6. Blackgang Chine to Brighstone – The IOW Pearl Shop
The travel logistics are worth recording today: the 08:33 train from Petersfield, the 09:15 ferry, the 09:49 train from Ryde Pier Head to Shanklin and the 10:34 Coastal Breezer bus (only one a day in each direction) to Blackgang. We then had to make sure that we were at the IOW Pearl by 16:55 for the return bus journey to Shanklin station, the 18:18 train, 18:47 ferry, 19:15 train arriving back in Petersfield at 19:47, and all for an 8 miles walk which we were able to start at 11:30.
To go or not to go today was another discussion as it was going to be quite hot, but as the forecast was for the sun to disappear behind clouds in the afternoon, we went….but it didn’t! A slight breeze was very welcome.
Today was all about the missing link which unexpectedly turned into the sting
In the tail, with an even further twist to round off the day! The missing link
was the section of the path that we had not been able to complete when we were staying at Freshwater.
Blackgang Chine which is the oldest amusement park in the United Kingdom, having opened in the 1840s, seemed rather sad and empty and we were soon up the hill and onto the coastal path.
Almost immediately we saw what we thought
was the IOW Pearl, in which case the walk
would have been some 3 miles shorter!
For much of today we had the path to ourselves, meeting barely a handful of other walkers. Having said we couldn’t get lost today we promptly did an unnecessary additional half mile as the coastal path wasn’t marked.
Shepherds Chine was particularly taxing to get round, and it cannot be too long before more of this is lost to the sea. We were intrigued to find an unattended mobility scooter parked on the cliff edge – had someone taken Granny there and pushed her over?
The Pearl shop was now in our sights, and although hot, the walking was fairly easy, and we thought it was a gentle slope to our destination. Until (cue the dramatic music) we were faced with a quite horrible descent mainly down steps that had been cut into the path, steps which were not for ladies with short legs. This was not so much a sting in the tail, more like a red hot poker! There was no get out clause here, down we had to go, no wonder we had met so few other walkers today. From here we opted to go up to the road as neither of us could face any more tricky terrain, from where it was a final half mile (the Pearl seemed to be retreating all the time), and probably the most dangerous, on a straight road with all the racers out, ignoring the speed limit.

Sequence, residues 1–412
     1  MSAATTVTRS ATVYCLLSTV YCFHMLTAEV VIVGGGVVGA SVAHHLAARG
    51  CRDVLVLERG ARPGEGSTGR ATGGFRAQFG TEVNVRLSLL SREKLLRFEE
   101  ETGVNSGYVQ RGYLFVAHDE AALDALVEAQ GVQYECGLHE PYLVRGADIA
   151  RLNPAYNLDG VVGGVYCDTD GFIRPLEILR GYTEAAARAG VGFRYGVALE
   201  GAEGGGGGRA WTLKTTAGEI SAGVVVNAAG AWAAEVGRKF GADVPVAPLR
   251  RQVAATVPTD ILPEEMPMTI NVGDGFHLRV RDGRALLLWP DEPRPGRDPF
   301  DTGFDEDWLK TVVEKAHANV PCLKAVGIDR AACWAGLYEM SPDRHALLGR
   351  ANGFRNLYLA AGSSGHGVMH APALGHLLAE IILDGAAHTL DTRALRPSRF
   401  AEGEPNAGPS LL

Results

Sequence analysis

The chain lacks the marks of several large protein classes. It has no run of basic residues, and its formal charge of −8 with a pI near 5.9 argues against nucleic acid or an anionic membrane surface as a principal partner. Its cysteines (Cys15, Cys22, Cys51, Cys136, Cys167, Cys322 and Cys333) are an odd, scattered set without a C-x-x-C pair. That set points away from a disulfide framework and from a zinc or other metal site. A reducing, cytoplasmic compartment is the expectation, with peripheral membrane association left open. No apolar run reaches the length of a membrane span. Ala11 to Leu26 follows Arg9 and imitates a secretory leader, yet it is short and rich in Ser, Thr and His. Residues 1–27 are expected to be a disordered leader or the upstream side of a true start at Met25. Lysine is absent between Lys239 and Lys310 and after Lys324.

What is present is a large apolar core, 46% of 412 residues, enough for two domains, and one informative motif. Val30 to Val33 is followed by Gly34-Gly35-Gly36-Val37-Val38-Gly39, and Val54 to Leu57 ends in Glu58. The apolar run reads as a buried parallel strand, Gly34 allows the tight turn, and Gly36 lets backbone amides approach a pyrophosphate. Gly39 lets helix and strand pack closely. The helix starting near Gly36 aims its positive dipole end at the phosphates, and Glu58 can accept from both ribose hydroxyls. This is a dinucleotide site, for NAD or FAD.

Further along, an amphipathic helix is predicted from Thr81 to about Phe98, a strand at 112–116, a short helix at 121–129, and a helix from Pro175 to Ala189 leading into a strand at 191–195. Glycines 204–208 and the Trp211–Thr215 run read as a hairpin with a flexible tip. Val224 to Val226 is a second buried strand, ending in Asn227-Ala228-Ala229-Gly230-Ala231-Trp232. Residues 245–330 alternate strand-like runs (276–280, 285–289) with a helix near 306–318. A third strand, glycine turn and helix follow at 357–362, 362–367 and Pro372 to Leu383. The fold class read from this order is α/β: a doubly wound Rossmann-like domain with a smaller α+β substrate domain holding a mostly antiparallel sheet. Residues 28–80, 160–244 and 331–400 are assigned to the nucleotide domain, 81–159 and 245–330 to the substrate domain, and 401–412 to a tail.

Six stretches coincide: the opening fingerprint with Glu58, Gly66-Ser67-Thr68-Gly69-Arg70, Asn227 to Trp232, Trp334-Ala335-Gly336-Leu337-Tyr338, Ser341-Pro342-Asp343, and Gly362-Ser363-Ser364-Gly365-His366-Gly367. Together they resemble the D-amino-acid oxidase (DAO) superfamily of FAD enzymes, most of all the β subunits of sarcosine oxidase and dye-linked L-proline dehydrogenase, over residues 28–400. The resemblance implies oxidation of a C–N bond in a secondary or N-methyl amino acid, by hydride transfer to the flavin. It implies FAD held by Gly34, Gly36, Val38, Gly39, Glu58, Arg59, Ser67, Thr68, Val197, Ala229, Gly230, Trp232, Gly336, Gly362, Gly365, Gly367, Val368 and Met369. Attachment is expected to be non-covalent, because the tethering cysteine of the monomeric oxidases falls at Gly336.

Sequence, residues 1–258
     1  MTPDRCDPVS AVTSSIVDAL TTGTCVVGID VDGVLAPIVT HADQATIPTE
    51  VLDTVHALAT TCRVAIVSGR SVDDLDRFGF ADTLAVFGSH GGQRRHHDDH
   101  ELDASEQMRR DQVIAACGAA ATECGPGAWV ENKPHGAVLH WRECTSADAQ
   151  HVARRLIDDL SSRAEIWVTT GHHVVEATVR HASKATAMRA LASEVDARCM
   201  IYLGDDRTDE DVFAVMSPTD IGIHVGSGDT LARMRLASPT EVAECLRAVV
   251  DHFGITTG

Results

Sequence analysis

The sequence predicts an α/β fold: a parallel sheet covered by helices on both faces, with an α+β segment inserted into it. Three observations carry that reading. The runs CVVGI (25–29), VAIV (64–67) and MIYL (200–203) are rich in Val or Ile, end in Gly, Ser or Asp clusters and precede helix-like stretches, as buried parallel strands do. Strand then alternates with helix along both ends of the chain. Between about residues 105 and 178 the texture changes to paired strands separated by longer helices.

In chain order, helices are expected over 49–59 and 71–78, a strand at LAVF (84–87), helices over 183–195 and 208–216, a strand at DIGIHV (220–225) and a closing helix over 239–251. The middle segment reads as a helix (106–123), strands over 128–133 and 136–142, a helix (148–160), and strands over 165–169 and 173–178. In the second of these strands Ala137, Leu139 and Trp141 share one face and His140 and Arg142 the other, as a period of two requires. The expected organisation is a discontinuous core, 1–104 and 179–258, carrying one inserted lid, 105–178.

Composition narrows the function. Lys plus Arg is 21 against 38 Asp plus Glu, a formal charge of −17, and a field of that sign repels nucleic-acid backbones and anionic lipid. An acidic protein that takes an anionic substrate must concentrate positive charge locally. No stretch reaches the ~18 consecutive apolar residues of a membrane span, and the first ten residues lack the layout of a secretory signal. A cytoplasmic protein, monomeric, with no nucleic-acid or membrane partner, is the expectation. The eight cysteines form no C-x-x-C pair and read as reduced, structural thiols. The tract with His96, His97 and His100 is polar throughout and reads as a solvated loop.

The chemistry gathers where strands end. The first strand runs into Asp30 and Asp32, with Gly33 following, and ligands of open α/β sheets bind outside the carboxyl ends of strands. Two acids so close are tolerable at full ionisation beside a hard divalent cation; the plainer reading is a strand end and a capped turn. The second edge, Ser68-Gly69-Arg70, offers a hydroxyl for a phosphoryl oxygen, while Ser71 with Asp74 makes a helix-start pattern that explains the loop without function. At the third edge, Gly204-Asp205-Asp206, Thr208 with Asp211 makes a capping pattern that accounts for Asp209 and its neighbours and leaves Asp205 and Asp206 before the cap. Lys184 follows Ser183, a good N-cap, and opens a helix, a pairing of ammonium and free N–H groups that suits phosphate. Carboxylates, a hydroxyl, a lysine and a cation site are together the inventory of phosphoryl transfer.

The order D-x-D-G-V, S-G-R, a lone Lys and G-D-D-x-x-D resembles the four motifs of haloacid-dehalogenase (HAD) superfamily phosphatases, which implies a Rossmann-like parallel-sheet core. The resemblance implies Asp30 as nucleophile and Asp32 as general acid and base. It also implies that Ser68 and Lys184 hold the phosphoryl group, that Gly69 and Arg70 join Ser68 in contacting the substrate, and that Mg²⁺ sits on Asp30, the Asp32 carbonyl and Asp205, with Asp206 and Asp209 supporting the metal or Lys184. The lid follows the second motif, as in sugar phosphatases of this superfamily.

We sat in the Pearl café and recovered. The glow of achievement was not only from our efforts but from our red faces. AP stated that she had only felt sick once and had had enough of adventures! Even the indefatigable EJ admitted that she was knackered!
We caught the bus and AP decided to check where her keys were……a thorough search revealed that they were not with her. It was not the most relaxed journey home as various possibilities unfolded. On reaching K2EAJ in the car park, there on the passenger seat were AP’s keys, just how lucky was that!
The coastal erosion today was the most significant of any that we have seen on the Island no doubt due in part to the numerous Chines that we passed (the word Chine comes from the Saxon word Cinan which means a gap or yawn).